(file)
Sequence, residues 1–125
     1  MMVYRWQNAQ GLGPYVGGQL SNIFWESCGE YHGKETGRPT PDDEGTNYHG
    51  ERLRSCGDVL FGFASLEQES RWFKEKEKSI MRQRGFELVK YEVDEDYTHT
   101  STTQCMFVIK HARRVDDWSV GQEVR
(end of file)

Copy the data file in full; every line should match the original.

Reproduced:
Sequence, residues 1–125
     1  MMVYRWQNAQ GLGPYVGGQL SNIFWESCGE YHGKETGRPT PDDEGTNYHG
    51  ERLRSCGDVL FGFASLEQES RWFKEKEKSI MRQRGFELVK YEVDEDYTHT
   101  STTQCMFVIK HARRVDDWSV GQEVR